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The Red Church

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The Red Church, located near Plovdiv (ancient Philippopolis) in modern-day Bulgaria, is one of the significant early Christian structures known for its architectural and historical value.

Historic Roots

Built between the 4th and early 6th centuries under Emperor Anastasius I, The Red Church is a marvel of Roman engineering. Originally serving Rome’s legionnaires, it housed thermal baths and evolved into a significant religious site.

Early Worship and Mithraism

The site honored Mithras, the Iranian deity. It initially featured a north altar above Roman baths and a Mithraeum. Once part of the baths, its pool became the church’s baptistery, embodying early Christian rites alongside Mithraic traditions.

Mithraic and Christian Intersections

A unique fountain under the church, inspired by Mithras legend, symbolizes life-giving forces. Despite Christian dominance, a mural of Mithras emerging from a red egg persisted, marking religious coexistence.

Pillar of Faith in Europe

An Ancient European Church

After the 343 Ecumenical Council in Serdica, Thrace witnessed the rise of cult buildings like The Red Church, which memorialized Christian martyrs. Strategically located near Philippopolis (modern Plovdiv), it bridged vital ancient routes.

The Ecumenical Council of Serdica

The Council of Serdica, also known as the Synod of Serdica, took place in 343 AD in the city of Serdica (modern Sofia, Bulgaria). It was an attempt by the Christian Church to settle the Arian controversy, which was a theological dispute that divided the Christian community. The council was convened by the joint emperors Constantius II (Eastern Roman Empire) and Constans I (Western Roman Empire). The council aimed to reconcile the differences between the Arian and Nicene factions within the church. However, the council did not achieve its intended purpose. Instead of bridging the divisions, it ended in a schism, with the Eastern and Western bishops failing to reconcile their differences. The Eastern bishops even refused to meet with their Western counterparts. This led to the departure of the Eastern contingent to Philippopolis, which further entrenched the divide within the Christian Church​​​​​​.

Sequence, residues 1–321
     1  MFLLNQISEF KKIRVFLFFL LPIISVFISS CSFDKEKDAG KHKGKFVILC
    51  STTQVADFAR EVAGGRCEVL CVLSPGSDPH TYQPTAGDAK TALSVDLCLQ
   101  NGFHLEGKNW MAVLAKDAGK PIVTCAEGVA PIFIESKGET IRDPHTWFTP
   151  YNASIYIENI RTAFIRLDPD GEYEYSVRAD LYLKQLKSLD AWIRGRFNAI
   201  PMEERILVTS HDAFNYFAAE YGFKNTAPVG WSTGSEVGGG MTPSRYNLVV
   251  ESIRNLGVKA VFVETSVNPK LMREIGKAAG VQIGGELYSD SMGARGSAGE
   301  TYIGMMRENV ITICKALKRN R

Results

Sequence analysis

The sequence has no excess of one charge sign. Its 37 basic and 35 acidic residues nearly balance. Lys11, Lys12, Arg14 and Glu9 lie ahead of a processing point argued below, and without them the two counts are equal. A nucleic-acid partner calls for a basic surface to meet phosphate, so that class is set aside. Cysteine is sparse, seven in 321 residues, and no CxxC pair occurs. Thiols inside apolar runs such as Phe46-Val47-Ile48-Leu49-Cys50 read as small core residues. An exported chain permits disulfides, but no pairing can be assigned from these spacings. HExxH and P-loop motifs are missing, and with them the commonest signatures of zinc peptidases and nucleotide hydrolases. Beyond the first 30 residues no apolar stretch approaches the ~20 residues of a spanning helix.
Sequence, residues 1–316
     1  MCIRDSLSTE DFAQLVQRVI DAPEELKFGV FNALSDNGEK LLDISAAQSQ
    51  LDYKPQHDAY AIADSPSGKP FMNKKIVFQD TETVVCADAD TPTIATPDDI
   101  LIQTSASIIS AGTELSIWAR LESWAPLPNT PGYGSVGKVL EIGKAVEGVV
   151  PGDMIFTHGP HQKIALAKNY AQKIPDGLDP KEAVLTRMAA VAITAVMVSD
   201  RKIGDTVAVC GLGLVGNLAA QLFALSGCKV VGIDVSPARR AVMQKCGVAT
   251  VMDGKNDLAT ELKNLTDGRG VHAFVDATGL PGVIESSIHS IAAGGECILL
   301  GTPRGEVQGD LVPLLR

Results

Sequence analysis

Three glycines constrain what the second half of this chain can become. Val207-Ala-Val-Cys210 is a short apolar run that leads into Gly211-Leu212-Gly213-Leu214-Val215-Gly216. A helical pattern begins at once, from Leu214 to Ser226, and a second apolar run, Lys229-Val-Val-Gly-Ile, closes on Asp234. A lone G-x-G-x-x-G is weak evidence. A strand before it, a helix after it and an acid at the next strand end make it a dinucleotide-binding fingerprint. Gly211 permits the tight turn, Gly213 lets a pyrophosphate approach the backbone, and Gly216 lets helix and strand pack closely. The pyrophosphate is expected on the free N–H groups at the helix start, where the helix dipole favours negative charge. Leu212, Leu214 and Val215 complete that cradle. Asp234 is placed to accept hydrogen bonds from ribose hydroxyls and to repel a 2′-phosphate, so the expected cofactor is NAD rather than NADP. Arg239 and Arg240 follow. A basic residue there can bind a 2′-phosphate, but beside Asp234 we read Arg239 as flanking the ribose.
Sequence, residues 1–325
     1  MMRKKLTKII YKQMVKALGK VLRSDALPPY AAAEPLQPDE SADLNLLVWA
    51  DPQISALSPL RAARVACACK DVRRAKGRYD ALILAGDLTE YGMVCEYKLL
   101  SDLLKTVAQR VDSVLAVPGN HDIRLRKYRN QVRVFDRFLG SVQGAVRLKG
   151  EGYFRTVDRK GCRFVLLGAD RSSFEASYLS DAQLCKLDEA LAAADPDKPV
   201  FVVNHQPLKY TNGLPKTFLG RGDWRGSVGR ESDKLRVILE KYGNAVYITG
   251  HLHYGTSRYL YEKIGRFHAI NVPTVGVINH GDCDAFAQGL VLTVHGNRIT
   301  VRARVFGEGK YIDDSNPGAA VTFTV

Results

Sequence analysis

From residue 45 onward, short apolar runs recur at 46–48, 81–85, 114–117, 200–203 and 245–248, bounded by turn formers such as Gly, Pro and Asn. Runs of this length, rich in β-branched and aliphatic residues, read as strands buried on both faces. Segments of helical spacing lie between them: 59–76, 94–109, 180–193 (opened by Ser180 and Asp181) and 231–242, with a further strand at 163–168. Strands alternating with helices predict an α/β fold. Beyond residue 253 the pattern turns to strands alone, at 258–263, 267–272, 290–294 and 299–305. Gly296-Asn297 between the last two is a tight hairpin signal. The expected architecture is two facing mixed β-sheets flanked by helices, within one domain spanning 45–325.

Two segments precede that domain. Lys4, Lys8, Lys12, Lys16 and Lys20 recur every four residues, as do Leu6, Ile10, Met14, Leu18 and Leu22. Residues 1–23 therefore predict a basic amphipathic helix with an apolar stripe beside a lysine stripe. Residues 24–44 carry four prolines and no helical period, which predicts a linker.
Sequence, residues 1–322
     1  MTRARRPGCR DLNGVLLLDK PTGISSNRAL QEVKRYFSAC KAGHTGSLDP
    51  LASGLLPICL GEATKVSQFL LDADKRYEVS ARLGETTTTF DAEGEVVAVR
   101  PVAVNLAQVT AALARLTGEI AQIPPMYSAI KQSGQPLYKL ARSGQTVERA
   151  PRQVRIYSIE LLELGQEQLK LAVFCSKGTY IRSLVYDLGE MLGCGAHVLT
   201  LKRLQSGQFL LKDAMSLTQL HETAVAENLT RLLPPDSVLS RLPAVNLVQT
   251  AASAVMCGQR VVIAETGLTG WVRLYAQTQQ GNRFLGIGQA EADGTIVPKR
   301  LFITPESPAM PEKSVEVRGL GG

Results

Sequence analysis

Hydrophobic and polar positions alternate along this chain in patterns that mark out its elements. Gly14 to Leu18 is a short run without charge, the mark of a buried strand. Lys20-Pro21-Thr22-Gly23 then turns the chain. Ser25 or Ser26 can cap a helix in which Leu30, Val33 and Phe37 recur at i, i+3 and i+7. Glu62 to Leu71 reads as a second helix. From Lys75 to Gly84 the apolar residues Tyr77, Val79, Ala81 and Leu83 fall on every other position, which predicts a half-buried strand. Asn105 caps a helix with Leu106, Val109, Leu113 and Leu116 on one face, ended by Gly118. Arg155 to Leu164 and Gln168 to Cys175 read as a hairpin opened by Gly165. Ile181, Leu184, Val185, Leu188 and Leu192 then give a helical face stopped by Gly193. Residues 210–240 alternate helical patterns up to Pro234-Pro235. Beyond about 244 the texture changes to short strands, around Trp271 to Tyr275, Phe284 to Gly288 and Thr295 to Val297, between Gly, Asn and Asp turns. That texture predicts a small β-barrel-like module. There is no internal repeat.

The Construction of the Red Church

The construction of early Christian buildings, including The Red Church, was influenced by various factors, including the official acceptance of Christianity within the Roman Empire, the religious policies of the reigning emperors, and local devotion to Christian martyrs. The spread of Christianity and the construction of religious buildings were part of a broader process of Christianization that took place over several centuries, influenced by multiple councils, imperial decrees, and local religious practices.

Evolution of Sacred Space

Initially a martyrium, The Red Church later became a Byzantine noble retreat adorned with preserved frescoes. It’s celebrated for the healing legacy of a Christian martyr who dedicated it to the Holy Virgin.

Architectural Signature

Named for its distinctive Roman bricks and pink mortar, The Red Church is a testament to Rome’s architectural and spiritual legacy.

Essential details

Earliest cultural period:
Roman Empire (72 BC - 470 AD)
Year of construction:
420
Can be seen on:
The Discovery Road Trip, Southwestern Bulgaria Road Trip

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Enhance your understanding and delight in the traditional events and unique locales Bulgaria has to offer. Alongside these, discover other mesmerizing places within the country. We invite you to peruse our recommended itineraries for these insightful explorations.

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